Waste tax rebates after landmark case

landfill tax

A landmark case has taken place to help answer a question that is central to handlers of waste; what actually constitutes waste? A simple question that one could be mistaken for assuming would have an equally simple answer.

Under tax laws it was previously established that something you may consider waste may not be ‘taxable waste’ if you make use of it. The precedent for this was established in the Court of Appeal case of HMRC v Waste Recycling Group Ltd [2008] when it was concluded that material used for daily cover and for roads within a landfill was not a taxable waste as it was being made use of.

In a similar case, Biffa Waste Services Ltd and others v The Commissioners for HM Revenue and Customs [2020], the landfill operators argued that black-bag waste, used to line a landfill cell to provide a buffer between the edges of the cell and the waste in the landfill, could not be classed as waste under tax law. They argued that this was because, much like in the 2008 case, they were making use of the waste’s particular properties. They were successful and won the case, meaning that they and other landfill operators who use such methods are now eligible to claim tax rebates for overpayments of landfill tax.

Does this mean if you find a use for your waste it is no longer legally considered waste?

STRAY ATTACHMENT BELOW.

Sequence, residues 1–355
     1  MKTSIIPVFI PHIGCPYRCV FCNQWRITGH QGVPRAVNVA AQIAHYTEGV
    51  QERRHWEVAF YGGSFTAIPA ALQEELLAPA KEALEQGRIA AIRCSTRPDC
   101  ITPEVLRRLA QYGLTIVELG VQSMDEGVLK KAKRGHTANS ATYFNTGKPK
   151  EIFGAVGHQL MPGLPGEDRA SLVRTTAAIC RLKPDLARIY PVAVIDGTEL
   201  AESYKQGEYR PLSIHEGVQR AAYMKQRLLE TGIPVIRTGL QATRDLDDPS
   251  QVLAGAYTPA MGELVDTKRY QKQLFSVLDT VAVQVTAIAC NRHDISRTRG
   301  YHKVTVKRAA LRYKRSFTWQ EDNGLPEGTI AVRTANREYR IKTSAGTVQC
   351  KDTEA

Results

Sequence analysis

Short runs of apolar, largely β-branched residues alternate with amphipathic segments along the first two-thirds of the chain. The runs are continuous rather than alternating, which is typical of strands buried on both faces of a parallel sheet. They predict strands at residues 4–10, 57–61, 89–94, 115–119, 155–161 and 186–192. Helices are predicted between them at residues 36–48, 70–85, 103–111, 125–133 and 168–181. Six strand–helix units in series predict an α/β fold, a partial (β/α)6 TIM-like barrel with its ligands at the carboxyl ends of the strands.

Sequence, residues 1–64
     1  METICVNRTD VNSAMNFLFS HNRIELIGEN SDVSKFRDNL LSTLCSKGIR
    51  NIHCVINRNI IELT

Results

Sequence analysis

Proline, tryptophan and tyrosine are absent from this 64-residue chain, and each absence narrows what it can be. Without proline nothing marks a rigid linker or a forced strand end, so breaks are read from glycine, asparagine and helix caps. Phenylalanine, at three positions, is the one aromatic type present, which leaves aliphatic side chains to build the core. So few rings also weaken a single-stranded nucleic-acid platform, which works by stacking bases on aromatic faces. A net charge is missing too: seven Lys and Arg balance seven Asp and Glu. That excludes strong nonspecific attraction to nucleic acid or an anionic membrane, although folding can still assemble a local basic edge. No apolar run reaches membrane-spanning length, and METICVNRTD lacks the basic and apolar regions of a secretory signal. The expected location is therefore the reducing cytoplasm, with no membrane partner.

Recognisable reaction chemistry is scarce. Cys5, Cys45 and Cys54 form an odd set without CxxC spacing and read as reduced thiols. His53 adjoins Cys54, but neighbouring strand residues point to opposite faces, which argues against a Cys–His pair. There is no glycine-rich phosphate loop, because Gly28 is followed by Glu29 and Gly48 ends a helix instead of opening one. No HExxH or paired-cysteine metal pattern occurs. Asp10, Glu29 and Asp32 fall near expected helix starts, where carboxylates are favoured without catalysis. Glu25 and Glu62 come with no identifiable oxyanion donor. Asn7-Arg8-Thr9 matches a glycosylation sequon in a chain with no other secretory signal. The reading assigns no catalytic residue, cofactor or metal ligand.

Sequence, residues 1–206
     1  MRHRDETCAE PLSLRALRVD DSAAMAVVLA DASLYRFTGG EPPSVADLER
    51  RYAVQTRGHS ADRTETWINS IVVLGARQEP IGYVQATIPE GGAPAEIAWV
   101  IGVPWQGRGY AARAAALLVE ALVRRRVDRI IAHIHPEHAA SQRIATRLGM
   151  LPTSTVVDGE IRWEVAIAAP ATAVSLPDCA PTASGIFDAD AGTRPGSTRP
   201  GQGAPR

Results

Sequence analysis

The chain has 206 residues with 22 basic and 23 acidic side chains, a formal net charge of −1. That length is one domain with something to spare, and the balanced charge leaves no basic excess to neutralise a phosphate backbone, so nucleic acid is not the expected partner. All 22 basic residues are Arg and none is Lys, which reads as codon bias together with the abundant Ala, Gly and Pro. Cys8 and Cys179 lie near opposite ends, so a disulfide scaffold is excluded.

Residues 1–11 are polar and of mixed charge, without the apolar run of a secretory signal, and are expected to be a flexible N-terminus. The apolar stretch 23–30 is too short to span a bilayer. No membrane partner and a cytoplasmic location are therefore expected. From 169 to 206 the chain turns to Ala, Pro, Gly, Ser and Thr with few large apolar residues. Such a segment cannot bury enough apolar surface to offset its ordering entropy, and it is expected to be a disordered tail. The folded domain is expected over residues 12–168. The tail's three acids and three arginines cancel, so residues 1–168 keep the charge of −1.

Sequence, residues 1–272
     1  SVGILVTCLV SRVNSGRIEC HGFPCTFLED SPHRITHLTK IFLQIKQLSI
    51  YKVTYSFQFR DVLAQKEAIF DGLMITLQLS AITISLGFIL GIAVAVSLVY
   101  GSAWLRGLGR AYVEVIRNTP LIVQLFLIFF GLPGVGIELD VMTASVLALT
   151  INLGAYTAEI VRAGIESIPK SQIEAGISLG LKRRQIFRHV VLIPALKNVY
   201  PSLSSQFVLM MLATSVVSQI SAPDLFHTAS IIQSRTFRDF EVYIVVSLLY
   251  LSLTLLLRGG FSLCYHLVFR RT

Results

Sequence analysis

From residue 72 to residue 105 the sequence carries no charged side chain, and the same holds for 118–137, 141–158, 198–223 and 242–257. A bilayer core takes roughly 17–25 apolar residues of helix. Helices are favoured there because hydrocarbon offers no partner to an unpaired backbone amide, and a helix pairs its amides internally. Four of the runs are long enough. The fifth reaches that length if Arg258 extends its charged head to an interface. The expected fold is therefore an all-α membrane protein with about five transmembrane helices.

It is important to remember that the interpretation of what constitutes waste under tax law is wholly separate to what constitutes waste under waste management and environmental law. Under these separate regulations, finding a use for waste material will not automatically exempt that material from being classified as waste. To be certain of what constitutes waste under waste management and environmental regulations it may be necessary to use the Environment Agency’s Definition of Waste service (found here). The costs for using this service are:

  • an initial fee of £750 when submitting a request for a definition of waste; and
  • additional costs of further work needed to complete a full technical and legal assessment based on a hourly rate of £125+VAT.

It is uncertain if definitional deviation of ‘waste’ in tax law will lead to wider legal changes surrounding waste in environmental and waste management legislation. However, for now at least we have to deal with the separate interpretations of waste found in the different doctrines of law.